The UK also must continue to lead efforts to prevent nuclear proliferation (mission 5). With US-Russian strategic stability cemented in the recently-signed New START agreement (assuming it is ratified), the US is shifting its attention to the threats posed by nuclear proliferation and nuclear terrorism, which were identified as the most pressing threats by the recent US Nuclear Posture Review.[4] The UK is well-positioned politically to combat these threats given its leading role in the P5+1 and active commitment to the global nonproliferation regime.

It is also worth noting that despite his disarmament rhetoric, President Obama seems committed to keeping the US nuclear deterrent - and by extension the nuclear umbrella protecting US allies - viable for as long as these weapons exist. For example, the Obama administration has announced plans to spend billions of dollars on refurbishment of the B61 gravity bomb, a next-generation bomber, and a successor to the Ohio-class ballistic missile submarine.[5] Such investments leave UK policymakers free to decide about Trident based on their own military and political calculations, not some misperception that the US plans to unilaterally disarm anytime soon.

Finally, cyber security (mission 6) must be a defining area of emphasis for the UK. Intelligence has historically been one of the strongest elements of US-UK cooperation, and the intelligence demands in cyberspace will grow exponentially in the years ahead. More work can and must be done by the UK and US to enhance their cyber defences, clarify lines of authority and rules of engagement, and cooperate whenever possible.

An International Regulator

In developing its comparative advantages, the UK must not forget that the ongoing diffusion of political and military power will inevitably lead to unforeseeable future contingencies. By retaining the military capabilities required to hedge against uncertainty, the UK will ensure its continued ability to protect itself, maintain interoperability with its European allies, and stay relevant in US and international security decision-making. This is not an argument against strategic choice in dire fiscal straits. Instead, it is an appeal for the UK to remember that the future is dangerous and uncertain, and the US cannot face it successfully alone.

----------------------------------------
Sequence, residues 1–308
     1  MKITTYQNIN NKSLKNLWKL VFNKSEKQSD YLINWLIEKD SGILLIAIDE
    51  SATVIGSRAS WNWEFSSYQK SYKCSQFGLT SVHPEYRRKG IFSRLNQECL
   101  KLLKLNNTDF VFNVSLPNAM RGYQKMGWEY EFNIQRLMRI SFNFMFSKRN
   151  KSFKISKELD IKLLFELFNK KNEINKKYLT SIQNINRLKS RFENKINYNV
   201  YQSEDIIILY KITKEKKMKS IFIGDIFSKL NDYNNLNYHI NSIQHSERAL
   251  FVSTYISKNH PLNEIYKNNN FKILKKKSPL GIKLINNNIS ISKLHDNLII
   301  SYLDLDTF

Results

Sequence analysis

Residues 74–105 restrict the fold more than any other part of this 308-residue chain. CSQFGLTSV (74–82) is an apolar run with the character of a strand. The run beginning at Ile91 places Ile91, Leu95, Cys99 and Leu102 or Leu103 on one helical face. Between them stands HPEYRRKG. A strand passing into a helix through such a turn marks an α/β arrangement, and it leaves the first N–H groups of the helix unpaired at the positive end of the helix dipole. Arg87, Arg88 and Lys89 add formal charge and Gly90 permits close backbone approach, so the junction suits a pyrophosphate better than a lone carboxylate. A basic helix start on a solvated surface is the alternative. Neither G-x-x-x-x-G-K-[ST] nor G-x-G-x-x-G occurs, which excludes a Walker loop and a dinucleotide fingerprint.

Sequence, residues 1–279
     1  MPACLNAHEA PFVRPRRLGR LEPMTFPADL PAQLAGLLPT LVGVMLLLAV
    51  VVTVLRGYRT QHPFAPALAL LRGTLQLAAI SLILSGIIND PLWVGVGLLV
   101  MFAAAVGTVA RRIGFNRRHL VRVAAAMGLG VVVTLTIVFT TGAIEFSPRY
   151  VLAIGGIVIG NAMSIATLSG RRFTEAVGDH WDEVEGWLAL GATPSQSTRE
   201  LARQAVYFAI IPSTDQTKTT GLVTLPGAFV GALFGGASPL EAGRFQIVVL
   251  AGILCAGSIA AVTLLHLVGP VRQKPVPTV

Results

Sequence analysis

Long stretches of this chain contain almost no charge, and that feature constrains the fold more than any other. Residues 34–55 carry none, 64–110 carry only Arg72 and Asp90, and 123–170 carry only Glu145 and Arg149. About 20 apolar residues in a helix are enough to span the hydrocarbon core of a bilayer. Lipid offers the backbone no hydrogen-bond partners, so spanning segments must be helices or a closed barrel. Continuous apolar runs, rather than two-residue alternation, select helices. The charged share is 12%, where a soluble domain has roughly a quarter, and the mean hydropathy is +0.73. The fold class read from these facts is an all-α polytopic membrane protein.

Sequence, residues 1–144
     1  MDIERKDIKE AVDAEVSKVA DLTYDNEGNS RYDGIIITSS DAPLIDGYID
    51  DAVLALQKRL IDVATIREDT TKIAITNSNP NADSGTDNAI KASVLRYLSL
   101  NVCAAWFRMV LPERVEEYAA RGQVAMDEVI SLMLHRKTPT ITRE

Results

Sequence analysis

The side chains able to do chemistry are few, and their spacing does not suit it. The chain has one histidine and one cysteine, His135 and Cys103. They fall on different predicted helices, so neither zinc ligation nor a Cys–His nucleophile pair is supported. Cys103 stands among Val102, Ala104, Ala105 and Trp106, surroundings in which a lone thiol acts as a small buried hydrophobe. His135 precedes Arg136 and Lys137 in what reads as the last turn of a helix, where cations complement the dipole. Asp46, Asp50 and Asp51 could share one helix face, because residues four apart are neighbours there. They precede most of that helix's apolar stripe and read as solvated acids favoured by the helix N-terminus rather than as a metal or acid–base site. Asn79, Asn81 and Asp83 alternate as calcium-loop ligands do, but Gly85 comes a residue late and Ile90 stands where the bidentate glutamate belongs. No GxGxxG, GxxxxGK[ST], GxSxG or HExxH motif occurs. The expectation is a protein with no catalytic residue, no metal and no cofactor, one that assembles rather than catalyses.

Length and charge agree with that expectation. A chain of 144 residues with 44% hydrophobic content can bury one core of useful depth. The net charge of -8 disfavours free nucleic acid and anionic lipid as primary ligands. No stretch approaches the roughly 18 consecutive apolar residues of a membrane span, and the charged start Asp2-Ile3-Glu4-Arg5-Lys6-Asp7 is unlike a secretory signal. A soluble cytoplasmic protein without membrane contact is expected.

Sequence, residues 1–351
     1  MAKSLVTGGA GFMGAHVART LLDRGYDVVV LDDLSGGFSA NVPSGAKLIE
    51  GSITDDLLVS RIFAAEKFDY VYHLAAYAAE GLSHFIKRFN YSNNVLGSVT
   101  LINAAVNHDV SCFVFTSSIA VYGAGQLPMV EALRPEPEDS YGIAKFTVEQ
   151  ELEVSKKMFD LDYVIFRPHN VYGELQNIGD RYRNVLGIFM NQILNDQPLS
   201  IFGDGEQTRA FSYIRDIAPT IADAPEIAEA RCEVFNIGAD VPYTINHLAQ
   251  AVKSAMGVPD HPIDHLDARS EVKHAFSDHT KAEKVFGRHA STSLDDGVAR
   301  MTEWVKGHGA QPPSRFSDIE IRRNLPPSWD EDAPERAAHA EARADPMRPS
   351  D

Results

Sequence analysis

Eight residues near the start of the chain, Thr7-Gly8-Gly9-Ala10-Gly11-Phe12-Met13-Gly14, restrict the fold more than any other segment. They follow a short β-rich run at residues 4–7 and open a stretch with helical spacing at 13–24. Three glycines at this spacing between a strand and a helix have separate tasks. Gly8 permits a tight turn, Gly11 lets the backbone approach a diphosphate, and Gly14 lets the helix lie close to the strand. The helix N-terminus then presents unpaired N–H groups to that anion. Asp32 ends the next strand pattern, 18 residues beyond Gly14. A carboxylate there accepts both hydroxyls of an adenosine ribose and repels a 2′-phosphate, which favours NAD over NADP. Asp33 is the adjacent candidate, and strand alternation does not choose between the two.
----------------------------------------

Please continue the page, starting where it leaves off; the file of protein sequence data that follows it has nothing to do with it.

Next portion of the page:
The international community and Americans expect the UK and US to act in concert. If they do not cooperate, serious doubts will emerge about the wisdom and legitimacy of US actions. Because the non-traditional threats outlined above are fundamentally transnational and therefore necessitate coordinated action across state borders, the US by definition cannot protect itself against these threats unless it cooperates politically with other nations. Since the UK is perceived as being the most important US partner, the UK will remain able to regulate the flow of international support for US security priorities. In this way, the UK will be an international regulator in America's efforts to combat the transnational threats of the twenty-first century.

Travis Sharp is a Research Associate at the Washington, D.C.-based Center for a New American Security.

Contact: +1 202-457-9407 (direct); 



[1] US Department of Defense, Quadrennial Defense Review Report (February 2010),

[2] See Abraham Denmark and James Mulvenon, eds., Contested Commons: The Future of American Power in a Multipolar World (Washington: Center for a New American Security, 2010),

[3] See UK Ministry of Defence, Adaptability and Partnership: Issues for the Strategic Defense Review (February 2010),; and Future Character of Conflict (February 2010),

[4] US Department of Defense, Nuclear Posture Review Report (April 2010),

[5] Travis Sharp, 'Nuclear Deterrent Still Key', Washington Times (9 April 2010),